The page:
Saturday, March 12, 2016

Raytheon Tour!

The Friday before break, I finally got to tour the Raytheon plant in McKinney! My mentor and I had discussed this since my first interview with him, but with forms and different priorities (as it wasn't terribly urgent), we pushed it back a few weeks. This time, I toured almost the entire facility, walking in heels for an hour and a half (not very proactive on my part, I'll admit). I could tell the place had pretty tight security, with the gates, a couple of guards, and no photography. There weren't a lot of signs outside, so it took some navigating to find the main entrance. After I went in, I greeted my mentor and proceeded to tour the plant.

Some of the areas I found most interesting were the reliability analysis section, the simulation area, the clean room, and the RF testing area, among others. Some of those areas require thorough prevention of contamination, such as the full-body cover up in the clean room, while others are intended for workers' protection, like wearing a lab coat and grounding tape to prevent electric shocks. The simulation area has many chambers for high pressure, turbulence, vibration, and temperature to test the durability of products in a high altitude situation. Nearby is the reliability analysis section, which focuses more on small-scale components such as soldering strength, materials used in chips, and inefficiency. I didn't actually get to go in the RF testing rooms, but based on the pictures, they looked a lot like sound-proof rooms with the walls and floors lined with pointed foam triangles. These triangles help absorb RF waves and prevent reflections that could interfere with the signal being tested. On the other hand, if the triangles were not made of foam, but instead metal, you would actually need a surface with as few pointed areas as possible to prevent reflection (this was shown in one of the bomber's wings, which was smooth and slightly curved to prevent radar detection).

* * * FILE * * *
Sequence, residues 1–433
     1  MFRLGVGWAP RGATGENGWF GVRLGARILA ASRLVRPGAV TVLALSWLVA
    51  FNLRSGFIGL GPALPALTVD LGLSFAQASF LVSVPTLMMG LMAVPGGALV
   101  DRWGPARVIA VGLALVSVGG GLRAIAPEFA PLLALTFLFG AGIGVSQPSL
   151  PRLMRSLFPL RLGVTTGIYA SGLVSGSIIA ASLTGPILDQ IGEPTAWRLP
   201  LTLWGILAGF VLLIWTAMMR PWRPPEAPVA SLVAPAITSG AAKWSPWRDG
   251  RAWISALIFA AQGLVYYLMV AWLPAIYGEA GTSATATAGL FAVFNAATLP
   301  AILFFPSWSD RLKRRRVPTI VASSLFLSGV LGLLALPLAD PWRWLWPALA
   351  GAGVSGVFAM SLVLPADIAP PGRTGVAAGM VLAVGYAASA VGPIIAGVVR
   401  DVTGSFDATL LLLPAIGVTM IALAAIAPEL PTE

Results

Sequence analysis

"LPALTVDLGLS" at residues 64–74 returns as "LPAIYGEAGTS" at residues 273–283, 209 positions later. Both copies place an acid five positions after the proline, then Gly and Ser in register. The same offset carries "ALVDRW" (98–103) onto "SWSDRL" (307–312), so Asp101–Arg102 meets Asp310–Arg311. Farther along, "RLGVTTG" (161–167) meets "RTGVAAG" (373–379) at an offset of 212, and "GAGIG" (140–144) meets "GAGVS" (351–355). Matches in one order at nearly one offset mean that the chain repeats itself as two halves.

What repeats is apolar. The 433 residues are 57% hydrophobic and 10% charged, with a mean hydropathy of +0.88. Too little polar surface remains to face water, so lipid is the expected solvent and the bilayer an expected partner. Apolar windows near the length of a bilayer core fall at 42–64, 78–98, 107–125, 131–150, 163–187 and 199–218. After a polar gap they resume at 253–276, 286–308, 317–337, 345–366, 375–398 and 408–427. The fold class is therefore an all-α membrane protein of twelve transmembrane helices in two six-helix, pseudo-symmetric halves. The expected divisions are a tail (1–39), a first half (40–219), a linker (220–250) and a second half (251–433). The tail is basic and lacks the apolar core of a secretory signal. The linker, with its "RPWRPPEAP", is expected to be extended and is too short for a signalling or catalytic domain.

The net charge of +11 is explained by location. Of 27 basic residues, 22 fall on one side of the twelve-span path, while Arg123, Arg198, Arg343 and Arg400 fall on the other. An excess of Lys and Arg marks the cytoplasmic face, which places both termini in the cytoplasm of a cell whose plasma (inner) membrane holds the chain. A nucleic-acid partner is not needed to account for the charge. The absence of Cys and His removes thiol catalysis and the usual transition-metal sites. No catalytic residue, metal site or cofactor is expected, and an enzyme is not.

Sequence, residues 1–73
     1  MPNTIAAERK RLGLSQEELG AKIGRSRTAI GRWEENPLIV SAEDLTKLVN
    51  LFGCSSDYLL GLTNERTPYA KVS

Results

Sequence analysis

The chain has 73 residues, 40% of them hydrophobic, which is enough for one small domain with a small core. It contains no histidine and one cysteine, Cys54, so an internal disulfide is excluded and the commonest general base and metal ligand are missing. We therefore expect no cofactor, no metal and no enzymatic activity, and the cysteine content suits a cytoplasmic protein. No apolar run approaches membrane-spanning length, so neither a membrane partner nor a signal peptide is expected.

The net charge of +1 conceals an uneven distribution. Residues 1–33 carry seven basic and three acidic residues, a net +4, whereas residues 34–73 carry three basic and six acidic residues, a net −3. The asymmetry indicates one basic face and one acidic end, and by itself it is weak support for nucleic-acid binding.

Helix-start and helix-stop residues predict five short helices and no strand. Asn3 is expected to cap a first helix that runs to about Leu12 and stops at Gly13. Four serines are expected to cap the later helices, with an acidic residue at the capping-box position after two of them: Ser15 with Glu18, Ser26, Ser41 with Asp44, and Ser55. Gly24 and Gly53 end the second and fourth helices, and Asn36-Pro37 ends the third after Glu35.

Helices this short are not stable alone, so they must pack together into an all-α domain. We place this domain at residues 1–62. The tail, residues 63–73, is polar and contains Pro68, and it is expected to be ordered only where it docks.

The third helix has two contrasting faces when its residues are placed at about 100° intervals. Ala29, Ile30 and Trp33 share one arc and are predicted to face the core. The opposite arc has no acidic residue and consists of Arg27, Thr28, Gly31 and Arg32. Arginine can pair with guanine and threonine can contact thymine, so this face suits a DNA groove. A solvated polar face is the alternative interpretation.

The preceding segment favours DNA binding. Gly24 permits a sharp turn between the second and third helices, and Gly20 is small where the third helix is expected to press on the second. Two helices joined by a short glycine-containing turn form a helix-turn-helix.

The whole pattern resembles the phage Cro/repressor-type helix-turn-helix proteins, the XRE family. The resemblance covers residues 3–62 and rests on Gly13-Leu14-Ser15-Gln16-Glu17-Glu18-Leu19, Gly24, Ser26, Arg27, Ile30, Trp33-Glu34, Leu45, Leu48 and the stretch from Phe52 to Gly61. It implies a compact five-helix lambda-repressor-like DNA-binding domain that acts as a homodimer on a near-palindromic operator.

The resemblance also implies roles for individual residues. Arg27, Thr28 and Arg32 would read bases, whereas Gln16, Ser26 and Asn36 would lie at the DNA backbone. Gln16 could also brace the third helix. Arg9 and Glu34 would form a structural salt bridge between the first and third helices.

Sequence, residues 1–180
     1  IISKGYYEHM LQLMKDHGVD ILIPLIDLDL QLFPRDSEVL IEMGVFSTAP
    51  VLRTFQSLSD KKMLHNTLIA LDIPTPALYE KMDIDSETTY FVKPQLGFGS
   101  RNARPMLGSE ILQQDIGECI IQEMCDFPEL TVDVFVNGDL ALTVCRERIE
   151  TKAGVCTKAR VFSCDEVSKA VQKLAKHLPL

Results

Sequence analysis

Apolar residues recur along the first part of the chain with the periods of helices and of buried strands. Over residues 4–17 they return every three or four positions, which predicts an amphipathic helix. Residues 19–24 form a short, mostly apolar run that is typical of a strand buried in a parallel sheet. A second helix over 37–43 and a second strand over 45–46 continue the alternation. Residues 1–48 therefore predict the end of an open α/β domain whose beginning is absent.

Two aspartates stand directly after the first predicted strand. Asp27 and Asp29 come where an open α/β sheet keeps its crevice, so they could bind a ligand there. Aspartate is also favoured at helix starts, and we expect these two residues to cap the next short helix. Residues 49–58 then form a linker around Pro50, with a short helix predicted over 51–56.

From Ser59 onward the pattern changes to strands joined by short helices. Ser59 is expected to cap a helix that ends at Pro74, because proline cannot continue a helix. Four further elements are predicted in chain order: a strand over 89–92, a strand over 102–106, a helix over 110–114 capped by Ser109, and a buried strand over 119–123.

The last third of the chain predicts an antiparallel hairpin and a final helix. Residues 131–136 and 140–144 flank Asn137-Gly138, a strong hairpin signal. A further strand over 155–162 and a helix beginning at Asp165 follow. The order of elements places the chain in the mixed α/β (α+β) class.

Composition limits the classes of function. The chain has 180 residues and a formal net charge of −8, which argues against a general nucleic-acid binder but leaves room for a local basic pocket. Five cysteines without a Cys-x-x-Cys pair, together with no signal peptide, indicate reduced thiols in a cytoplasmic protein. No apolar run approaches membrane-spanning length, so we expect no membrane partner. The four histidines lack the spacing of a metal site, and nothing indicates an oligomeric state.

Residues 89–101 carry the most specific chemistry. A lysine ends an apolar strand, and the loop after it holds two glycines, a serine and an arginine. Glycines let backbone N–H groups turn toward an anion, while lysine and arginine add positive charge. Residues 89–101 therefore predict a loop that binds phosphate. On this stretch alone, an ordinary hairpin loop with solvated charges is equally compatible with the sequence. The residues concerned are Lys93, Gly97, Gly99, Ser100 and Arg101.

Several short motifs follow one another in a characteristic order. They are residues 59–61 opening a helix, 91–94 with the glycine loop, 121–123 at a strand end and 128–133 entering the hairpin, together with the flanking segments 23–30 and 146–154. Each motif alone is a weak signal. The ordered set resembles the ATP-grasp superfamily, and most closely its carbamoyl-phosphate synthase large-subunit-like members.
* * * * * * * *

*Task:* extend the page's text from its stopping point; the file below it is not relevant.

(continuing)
Now, if you're wondering where the software engineers come into play, many are located in the cubicle sections with small conference rooms nearby. Most of the "interesting"-looking sections are actually where technicians and hands-on employees work, whereas the software writers and managers tend to be in the cubicle area. Half the time, I was confused as to where I was because of the many wings, labs, and cubicle areas (there were probably a few hundred cubicles total). But the most eye-opening realization I had was the fact that all these sub-sections (reliability, error analysis, etc.) were somehow interwoven to produce amazing defense software and devices. There were so many individual tasks for each sector that it was difficult for me to envision how this company could run with numerous projects simultaneously running. Overall, it was truly interesting to see the physical operation of such a large plant- something you can't envision unless you see the scale and specificity in person.